A continuation and maturation of the playfulness exhibited on earlier releases, Of Montreal
create the brand of theatrical psychedelic pop that many of their '60s predecessors hinted at but only few achieved. Overall less overtly rock-influenced than either Cherry Peel
or Horse and Elephant Eatery
, Kevin Barnes continues to change chords with nearly every word, twirling Vaudevillian melodies that incredibly bring to life all the whimsy and melancholy of the characters he carefully orchestrates. Though these characters don't yet take on the florid personalities that would be found in later Of Montreal
albums, Barnes nonetheless proved himself an adept illustrator, as he charted the dizzying highs of infatuation, the leveling off of emotion, and the devastating collapse of a relationship with a picturesque precision. Still sweetly naïve with the swinging skiffle pop of "One of a Very Few of a Kind" and the gorgeously complex melodies of "Happy Yellow Bumblebee," the latter finding the narrator becoming a bee, befriending beetles and centipedes, avoiding spiders, and getting lonely because his parents are dead and his brothers and sisters are nowhere to be found, the absurdity of the songwriting never grows tiresome. Even so, understated gloominess creeps into tracks with the dark piano strikes of "Panda Bear" and the sprightly "It's Easy to Sleep When You're Dead," although the narrator escapes with the conclusion that life is a better choice in the end. Overall, an album that marked a crucial stage in the evolution from the lo-fi garage pop of Cherry Peel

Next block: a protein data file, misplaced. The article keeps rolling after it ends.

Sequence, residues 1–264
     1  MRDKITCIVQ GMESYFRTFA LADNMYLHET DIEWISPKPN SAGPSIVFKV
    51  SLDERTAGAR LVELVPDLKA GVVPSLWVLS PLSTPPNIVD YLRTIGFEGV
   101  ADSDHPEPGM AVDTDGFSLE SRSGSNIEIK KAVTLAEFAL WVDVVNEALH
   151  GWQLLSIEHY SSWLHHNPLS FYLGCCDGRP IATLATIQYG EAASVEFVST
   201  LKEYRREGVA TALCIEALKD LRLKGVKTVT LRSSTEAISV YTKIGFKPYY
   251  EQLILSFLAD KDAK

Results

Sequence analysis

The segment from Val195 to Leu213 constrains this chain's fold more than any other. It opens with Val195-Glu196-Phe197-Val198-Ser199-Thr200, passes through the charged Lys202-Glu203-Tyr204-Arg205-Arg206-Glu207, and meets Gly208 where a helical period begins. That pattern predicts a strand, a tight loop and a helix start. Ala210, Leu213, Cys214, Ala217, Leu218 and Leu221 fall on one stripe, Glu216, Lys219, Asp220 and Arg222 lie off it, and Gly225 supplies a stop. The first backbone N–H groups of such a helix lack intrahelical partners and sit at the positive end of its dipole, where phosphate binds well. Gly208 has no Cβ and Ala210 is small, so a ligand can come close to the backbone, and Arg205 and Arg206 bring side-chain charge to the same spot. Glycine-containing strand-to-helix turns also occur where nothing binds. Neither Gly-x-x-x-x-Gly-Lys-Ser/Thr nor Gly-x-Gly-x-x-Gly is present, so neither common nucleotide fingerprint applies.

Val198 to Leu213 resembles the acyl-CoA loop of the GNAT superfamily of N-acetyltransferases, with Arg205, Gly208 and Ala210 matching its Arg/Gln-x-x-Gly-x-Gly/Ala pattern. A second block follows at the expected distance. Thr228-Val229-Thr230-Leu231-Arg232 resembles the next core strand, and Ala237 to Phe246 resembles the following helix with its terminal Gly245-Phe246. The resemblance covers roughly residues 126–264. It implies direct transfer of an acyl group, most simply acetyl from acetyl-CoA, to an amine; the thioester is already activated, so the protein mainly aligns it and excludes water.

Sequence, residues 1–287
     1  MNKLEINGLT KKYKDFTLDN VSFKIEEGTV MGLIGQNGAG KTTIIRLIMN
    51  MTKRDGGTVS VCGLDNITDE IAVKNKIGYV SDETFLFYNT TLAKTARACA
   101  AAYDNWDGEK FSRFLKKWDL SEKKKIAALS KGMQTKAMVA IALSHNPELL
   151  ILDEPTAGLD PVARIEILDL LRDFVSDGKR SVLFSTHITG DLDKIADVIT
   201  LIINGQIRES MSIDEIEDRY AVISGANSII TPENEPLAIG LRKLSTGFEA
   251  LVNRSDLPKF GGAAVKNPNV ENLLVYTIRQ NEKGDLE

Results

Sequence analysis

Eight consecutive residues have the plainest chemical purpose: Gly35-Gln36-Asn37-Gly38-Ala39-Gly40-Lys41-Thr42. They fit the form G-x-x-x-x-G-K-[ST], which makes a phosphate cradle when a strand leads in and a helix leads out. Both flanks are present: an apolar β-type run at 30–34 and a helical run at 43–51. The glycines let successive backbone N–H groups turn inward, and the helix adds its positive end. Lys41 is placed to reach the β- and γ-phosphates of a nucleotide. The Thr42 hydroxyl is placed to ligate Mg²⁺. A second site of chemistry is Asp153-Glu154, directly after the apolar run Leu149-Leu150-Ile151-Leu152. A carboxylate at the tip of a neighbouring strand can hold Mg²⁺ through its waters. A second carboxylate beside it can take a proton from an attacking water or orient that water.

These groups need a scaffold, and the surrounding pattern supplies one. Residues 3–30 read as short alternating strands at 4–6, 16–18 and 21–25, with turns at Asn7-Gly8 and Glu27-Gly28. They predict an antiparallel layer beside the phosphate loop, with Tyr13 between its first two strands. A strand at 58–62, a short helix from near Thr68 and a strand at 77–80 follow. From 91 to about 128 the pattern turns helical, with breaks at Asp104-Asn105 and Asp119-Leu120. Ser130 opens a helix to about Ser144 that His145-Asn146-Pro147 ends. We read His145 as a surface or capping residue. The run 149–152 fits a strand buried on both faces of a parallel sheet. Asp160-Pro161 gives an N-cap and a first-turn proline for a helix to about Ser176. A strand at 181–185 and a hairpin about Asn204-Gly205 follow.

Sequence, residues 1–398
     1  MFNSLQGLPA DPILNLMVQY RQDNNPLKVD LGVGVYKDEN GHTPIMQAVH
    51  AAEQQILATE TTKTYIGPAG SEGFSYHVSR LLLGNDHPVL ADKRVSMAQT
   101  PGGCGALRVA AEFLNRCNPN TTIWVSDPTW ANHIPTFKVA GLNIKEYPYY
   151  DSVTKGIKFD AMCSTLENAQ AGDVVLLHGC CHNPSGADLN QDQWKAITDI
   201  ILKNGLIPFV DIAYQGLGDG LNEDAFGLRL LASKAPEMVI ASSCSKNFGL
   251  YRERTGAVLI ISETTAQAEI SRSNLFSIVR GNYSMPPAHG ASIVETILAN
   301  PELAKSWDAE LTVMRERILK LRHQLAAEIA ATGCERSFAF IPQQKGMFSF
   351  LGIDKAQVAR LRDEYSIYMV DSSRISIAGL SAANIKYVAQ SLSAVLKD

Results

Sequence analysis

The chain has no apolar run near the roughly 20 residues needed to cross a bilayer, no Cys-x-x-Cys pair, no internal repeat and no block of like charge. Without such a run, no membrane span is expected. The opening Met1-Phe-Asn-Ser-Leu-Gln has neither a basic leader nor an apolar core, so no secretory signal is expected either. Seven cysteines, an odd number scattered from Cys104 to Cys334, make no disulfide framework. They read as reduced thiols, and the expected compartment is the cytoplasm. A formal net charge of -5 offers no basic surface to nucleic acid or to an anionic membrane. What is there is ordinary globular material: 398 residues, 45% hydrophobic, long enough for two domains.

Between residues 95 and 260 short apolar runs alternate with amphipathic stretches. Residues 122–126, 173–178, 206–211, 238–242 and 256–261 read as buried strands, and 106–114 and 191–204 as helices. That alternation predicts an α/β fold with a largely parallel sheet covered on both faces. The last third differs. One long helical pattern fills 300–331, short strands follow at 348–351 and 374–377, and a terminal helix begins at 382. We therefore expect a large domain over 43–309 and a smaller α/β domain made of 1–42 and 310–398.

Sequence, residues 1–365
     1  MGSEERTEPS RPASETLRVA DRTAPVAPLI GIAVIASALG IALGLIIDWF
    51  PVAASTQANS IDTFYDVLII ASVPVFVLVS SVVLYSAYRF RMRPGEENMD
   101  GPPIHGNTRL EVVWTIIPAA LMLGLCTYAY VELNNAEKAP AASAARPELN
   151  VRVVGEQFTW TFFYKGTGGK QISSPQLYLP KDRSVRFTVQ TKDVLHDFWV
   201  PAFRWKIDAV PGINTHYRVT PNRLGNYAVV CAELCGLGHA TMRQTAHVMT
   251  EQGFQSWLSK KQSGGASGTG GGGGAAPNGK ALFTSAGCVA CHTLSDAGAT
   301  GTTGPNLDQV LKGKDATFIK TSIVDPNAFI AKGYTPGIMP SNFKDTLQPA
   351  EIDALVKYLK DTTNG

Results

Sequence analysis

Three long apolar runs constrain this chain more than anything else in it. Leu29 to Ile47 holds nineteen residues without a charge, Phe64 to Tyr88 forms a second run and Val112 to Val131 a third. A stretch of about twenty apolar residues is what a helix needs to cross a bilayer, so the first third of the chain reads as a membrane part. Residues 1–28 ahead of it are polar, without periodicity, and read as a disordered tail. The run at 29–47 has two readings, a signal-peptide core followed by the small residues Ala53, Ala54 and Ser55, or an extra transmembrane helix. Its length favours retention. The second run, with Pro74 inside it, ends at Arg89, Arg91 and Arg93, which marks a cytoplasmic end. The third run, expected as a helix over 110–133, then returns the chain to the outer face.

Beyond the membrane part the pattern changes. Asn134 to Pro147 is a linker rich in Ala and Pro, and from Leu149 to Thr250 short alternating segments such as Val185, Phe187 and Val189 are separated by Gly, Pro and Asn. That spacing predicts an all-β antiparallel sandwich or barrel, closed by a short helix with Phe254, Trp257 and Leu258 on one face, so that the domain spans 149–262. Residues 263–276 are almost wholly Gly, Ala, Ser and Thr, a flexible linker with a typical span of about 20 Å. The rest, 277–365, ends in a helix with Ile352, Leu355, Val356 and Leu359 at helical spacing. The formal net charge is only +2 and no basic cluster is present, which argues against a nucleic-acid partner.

to the ambitious rock carnival of The Gay Parade
and cemented Of Montreal
's status as one of the most creatively relevant groups of the late '90s.